As David Lewis mentioned yesterday: a living planet with a biosphere is one big beacon.

    Anyway, in comparison with the 800 billion US $ that the US spends on defense per year (or the current financial bail-out), almost any space science project is dirt cheap.

  • Administrator October 31, 2008, 8:23

    Larry writes:

    Wait a minute about that globular cluster comment in the image
    credits: Aren’t most globular clusters very old, which means
    they have had billions of years to develop planets and life –
    assuming you always need a planet to make life.

    Larry, the cluster in the photo is young, embedded in a star-forming nebula called NGC 3603. That’s why I made the comment, comparing areas where most stars are younger with those we would target farther in toward the galactic core.

  • andy October 31, 2008, 10:38

    Wait a minute about that globular cluster comment in the image

    It says “cluster”, not “globular cluster”… there are other types of star clusters, e.g. open clusters.

    As for globular clusters being good places to look, there are various issues including extremely low metallicites (not much material to build terrestrial planets out of), and the very high stellar densities would tend to disrupt planetary systems. Not a very good place to put a Matrioshka brain, even if you believe anyone would build such a structure: there’s a high risk of a stellar encounter causing a star to come crashing through the Dyson shell. I don’t really have any idea what the views of such a Matrioshka brain entity would be, but at a guess, I would think this would be a somewhat undesirable eventuality.

    (I can’t get at the aeiveos link, it seems to be nonexistent)

  • ljk October 31, 2008, 15:38

    Here, this link just worked for me.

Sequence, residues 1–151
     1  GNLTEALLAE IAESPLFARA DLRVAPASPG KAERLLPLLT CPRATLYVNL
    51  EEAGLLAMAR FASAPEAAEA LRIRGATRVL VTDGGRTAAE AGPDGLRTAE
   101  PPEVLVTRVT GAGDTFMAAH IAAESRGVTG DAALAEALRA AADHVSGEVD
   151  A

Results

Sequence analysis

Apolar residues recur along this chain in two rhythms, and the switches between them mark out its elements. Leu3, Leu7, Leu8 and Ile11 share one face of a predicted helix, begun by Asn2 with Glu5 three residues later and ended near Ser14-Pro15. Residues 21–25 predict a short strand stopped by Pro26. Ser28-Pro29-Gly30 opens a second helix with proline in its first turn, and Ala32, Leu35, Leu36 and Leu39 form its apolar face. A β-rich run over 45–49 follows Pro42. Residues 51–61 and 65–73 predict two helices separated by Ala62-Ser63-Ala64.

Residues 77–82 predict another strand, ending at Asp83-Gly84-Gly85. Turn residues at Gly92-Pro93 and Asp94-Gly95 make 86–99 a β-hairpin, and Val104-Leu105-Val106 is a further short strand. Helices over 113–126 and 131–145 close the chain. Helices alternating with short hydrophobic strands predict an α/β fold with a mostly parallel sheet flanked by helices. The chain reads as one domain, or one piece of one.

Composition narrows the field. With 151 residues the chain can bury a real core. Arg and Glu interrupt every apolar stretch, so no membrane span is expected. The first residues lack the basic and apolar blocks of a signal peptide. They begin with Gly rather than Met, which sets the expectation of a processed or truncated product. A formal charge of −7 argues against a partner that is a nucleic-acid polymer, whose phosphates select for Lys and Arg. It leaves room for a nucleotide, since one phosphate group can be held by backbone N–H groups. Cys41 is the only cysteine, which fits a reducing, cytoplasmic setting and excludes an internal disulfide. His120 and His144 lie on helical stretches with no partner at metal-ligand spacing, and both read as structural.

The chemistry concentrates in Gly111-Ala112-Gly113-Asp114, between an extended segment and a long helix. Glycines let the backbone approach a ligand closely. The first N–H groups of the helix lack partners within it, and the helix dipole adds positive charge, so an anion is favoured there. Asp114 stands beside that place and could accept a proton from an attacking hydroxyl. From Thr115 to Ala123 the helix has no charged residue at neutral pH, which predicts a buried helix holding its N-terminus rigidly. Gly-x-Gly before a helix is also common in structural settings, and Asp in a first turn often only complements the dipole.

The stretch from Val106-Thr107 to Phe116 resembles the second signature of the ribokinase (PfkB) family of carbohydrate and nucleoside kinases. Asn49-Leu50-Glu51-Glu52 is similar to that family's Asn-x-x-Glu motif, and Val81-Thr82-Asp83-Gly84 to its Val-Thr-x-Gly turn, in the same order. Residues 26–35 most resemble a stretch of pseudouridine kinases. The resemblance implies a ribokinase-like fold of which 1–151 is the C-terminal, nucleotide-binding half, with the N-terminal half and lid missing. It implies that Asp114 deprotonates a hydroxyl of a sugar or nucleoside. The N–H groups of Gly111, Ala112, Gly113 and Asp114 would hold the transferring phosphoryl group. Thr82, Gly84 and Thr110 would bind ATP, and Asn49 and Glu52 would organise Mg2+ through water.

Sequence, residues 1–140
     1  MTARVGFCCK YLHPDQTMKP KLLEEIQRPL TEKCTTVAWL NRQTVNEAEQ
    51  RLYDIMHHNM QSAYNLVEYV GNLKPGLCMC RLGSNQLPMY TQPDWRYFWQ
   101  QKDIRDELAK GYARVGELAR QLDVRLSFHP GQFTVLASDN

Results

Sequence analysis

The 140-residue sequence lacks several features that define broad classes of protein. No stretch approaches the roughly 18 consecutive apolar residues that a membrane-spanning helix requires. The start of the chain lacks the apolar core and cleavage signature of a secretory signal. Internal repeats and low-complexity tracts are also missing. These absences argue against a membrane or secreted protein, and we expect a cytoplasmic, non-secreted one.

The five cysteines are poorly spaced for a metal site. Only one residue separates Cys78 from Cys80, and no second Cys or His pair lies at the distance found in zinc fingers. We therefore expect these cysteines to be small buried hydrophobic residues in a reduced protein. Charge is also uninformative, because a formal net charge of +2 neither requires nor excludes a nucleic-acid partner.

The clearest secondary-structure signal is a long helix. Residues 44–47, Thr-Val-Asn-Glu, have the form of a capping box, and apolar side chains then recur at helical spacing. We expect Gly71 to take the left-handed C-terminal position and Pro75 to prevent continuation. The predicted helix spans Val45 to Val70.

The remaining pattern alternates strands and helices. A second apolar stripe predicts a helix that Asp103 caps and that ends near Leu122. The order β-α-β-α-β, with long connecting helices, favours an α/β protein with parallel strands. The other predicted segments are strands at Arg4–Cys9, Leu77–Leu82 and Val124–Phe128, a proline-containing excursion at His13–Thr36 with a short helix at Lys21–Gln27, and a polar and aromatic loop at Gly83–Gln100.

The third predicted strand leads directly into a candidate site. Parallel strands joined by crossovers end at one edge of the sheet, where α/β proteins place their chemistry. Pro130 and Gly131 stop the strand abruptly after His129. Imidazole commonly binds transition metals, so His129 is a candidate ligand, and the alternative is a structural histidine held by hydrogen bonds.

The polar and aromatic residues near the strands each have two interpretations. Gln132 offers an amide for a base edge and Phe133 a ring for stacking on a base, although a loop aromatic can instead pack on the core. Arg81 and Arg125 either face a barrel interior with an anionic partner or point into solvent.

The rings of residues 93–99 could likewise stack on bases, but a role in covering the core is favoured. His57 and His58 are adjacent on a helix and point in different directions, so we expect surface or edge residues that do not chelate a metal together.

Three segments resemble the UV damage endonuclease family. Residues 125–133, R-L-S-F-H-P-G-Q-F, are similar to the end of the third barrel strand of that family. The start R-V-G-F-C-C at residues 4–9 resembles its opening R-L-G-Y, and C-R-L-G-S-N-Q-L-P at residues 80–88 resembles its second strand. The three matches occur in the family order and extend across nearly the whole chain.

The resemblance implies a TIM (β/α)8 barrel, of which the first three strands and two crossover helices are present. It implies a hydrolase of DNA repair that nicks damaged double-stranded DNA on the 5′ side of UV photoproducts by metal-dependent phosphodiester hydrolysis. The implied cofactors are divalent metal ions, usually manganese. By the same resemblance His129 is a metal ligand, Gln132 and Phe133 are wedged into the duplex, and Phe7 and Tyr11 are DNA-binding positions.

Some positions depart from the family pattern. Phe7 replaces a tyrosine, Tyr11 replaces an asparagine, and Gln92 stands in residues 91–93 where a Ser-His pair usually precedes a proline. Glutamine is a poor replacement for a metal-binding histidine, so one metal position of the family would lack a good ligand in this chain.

Globular Clusters and Astroengineering:


    Maybe globular clusters are too busy and too metal-poor to be
    of much use for an interstellar civilization. But now those open
    clusters you mention….

  • Ronald November 1, 2008, 11:55

    What andy mentioned about the unsuitability of globular clusters is probably also true for most galactic halo stars, dwarf galaxies and elliptic galaxies: old metal-poor stars.

    But no need to despair: most (about 2/3 of all) galaxies are spiral, of which about half are bar-spiral subtype, like our own. We are actually quite common.

  • andy November 2, 2008, 11:43

    I wouldn’t be so quick to write off elliptical galaxies. The “old and metal-poor” thing does not seem quite so clear-cut, particularly for the giant ellipticals. From what I can tell, the metallicity should not be a showstopper in many giant ellipticals. Dwarf galaxies are a different matter, these do seem to be very metal-poor.

  • James Benford November 10, 2008, 11:54

    tacitus: A galactic-scale Beacon for 10 $B is a stretch for our level of civilization, but perhaps not for advanced ETI, hence would be for them ‘plausible luxuries’.

    Paul Titze: We’re not arguing for METI Beacons, just quantifying them to keep the discussion realistic. You mention that they, like we, might ‘not be listening on our beacon microwave frequencies’. That was true of us in the early SETI days, but is now ending. The advance of electronics (as in the Allen Array) and the observation of transients (see the Lorimer & Hyman references in our SETI paper) are causing searches for transients across much wider frequencies in the microwave. Both the Allen Array in California and Parkes in Australia Down Under can now see transients, but only Allen has the larger bandwidth. (I’m preparing to propose to get time on Parkes to look for transients at certain locations in the southern sky.) // As for probes, the speed of light is the fastest way to contact ETI that we know of, so probes are the slow boat. And if advanced ETI exists at levels higher than ours, they could come calling in your ‘breakthrough propulsion physics’ ships. But they haven’t, as far as we can tell.